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Being Truly Catholic Now
It’s a big Church that believes.

Austen Ivereigh, co-founder of Catholic Voices

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LOPEZ: You are all about the “neuralgic issues,” the issues that make people “squeal”? Why is engaging so important? Why can’t we just live and let live already?

IVEREIGH: What makes an issue “neuralgic” is the apparent or real clash between what the Church says (or is heard as saying) and the values of wider society, which often turn on the “pelvic issues” — questions of sexuality. It’s what makes for news stories and dinner conversations. It’s what interests people. It’s where we find people turning towards us — often with an expression of horror — and asking us to explain ourselves. It’s where contemporary society and Church clash; it’s where Catholicism scandalizes. And that’s where, simply, the opportunity to communicate exists. Either we’re comfortable inhabiting that zone and learn to speak there, or we don’t communicate at all — or, if we do, we can’t expect to find anybody listening.

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Pope Benedict is passionate about what’s being called the “new” evangelization, whose concern is to re-propose, in fresh and positive ways, the Church’s faith and teaching to post-Christian societies that think they know Christianity and have rejected it. Think of a person waving a hand over his face, saying, “Yeah, yeah, we know what the Church has to say on that one” — that’s what modern society is like. You engage people with that attitude by being surprising, by showing how they don’t, in fact, know what the Church says. Then, when you’ve got their attention, you can then tell the real story — the story they thought they knew but in fact didn’t. It’s what in Catholic Voices and in the book we call “reframing.” And it works. We have plenty of examples of radio and TV interviews in which the presenter says to the Catholic Voice: “Now that’s surprising. Tell me more.” The Church’s critic turns out to be dull and dogmatic — performing a role that is almost scripted in its predictability — while the Catholic Voice is fresh, dynamic, and compelling.

Why engage? Because we care — about others, about society, about the common good. And because we think the public conversation is poorer without us.

 

LOPEZ: Why don’t we just give up on opposing same-sex marriage? You make some great arguments about the nature of marriage and false equality, but it’s hard to break through the narrative that this is the next great civil-rights struggle. And who wants to be uncomfortable around friends and family with homosexual attractions?

IVEREIGH: The same-sex-marriage debate, just like abortion or assisted suicide or almost any other neuralgic issue, involves a very narrow moral matrix, one centered on equality and autonomy. I don’t think the arguments in favor are completely false; they are just impossibly narrow, and make assumptions about marriage that reflect a very superficial view of it: as an emotional bond between two people who choose to make a commitment. So our task here is quite considerable. We have to point to a much broader matrix. We have to say, “Equality is an important value, but it is not the appropriate one in this case,” and then point to the things that have been left out of the picture: the difference between marriage and other relationships of love, which is that marriage provides for the rearing and raising of children by their biological parents, and the fact that the benefits of that institution are the reason for the state’s promotion of it. And then to point out that same-sex marriage does not expand the meaning of marriage to accommodate a minority but radically redefines marriage for everyone, dismantling one of the core features — gender complementarity — that makes it different from all other kinds of relationship. By doing this, we are not arguing with the equality premise, but showing that it is inappropriate in this case.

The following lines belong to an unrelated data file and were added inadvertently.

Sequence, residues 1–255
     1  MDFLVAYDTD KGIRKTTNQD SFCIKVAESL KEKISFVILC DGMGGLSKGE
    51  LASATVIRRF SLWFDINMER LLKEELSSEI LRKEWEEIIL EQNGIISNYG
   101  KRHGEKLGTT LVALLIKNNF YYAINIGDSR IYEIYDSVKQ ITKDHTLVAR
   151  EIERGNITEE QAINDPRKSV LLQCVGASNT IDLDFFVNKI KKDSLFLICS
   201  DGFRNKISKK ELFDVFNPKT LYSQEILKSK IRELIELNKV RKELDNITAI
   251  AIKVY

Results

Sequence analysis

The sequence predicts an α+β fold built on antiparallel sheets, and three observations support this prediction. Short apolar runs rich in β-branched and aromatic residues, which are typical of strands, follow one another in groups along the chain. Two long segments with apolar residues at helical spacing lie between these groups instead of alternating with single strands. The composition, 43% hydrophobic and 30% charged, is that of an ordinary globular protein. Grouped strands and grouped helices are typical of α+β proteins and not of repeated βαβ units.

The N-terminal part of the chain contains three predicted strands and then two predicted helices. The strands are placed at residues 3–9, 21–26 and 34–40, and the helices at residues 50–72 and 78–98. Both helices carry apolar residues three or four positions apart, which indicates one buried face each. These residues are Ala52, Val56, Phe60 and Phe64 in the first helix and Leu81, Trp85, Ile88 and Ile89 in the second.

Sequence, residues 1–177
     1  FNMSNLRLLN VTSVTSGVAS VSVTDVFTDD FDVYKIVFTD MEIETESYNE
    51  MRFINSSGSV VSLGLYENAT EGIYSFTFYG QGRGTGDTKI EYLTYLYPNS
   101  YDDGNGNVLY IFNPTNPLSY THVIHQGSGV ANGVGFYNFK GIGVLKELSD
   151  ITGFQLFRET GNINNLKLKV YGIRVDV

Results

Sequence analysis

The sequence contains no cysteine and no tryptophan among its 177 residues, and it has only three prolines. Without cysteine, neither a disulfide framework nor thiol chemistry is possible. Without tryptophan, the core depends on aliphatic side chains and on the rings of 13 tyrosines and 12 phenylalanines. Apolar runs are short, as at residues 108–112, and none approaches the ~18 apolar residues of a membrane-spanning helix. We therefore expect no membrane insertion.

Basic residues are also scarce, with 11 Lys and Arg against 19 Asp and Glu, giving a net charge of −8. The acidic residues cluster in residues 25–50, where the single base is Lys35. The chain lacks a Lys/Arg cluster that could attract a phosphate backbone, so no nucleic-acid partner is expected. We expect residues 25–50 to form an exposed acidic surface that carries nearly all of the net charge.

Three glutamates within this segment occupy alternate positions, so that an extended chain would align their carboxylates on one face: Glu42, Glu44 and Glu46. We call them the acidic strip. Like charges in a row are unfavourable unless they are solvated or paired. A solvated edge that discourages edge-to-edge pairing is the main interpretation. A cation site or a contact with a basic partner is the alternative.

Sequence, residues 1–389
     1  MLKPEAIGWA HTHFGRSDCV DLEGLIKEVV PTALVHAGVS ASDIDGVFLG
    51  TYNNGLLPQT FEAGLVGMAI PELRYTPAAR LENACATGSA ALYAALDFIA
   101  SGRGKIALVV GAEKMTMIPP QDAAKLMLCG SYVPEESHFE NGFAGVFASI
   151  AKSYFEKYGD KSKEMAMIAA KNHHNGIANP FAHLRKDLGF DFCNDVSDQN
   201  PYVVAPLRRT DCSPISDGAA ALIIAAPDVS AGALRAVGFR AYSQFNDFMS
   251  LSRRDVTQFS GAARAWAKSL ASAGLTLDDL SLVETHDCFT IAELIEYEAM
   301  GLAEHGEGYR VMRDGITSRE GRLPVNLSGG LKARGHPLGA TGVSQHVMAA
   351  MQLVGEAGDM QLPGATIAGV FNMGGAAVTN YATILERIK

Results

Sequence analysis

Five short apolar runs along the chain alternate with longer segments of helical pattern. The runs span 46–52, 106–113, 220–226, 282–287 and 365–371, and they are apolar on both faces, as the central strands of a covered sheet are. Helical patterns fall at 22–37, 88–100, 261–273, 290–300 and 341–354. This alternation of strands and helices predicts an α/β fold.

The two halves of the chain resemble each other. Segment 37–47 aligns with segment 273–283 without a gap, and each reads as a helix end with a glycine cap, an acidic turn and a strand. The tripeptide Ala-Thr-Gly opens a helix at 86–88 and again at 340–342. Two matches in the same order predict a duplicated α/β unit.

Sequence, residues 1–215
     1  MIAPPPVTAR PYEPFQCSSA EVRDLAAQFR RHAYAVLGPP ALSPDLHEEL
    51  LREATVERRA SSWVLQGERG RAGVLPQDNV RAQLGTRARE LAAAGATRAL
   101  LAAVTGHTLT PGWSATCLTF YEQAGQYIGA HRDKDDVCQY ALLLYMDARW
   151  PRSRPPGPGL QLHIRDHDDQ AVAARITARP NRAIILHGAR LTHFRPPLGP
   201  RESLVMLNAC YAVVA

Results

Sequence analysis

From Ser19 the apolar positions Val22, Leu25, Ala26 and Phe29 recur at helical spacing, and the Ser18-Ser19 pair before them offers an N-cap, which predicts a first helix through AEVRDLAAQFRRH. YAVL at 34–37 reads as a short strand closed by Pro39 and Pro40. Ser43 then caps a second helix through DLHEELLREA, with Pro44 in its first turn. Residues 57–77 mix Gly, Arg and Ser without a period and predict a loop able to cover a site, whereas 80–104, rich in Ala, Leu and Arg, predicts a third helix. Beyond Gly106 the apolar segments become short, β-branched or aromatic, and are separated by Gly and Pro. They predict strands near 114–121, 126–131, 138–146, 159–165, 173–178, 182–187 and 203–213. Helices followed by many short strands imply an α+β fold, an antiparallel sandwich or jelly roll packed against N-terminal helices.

But speaking as someone with almost a year’s experience arguing this one in the U.K., I don’t claim that it’s easy, because when we talk about the meaning of marriage we sound like people from a distant culture. People say, “That may be your understanding, but we think it’s just about people saying ‘yes’ to each other’s love. We don’t see why the state should discriminate against that kind of love; I mean, how does it harm anyone else for them to recognize it?” There’s no conception that marriage might have an intrinsic meaning, or that it is a civil institution that has grown out of human experience, and that this character should be respected. The call for SSM presupposes a very, very ‘thin’ view of culture — we’re just individuals, and the state exists to protect us and promote our freedom and happiness. Going up against that is hard, especially when the frame is, “If you’re against SSM you’re against equality / gay rights / civil rights.” Stay inside that frame, and of course no one wants to oppose it. But most people are not. Most people understand, intuitively and from experience, that marriage is a heterosexual institution whose public good is linked to children. But they find it almost impossible to articulate that. Like most of the most important things in our lives, we don’t really have a language to speak about their value.



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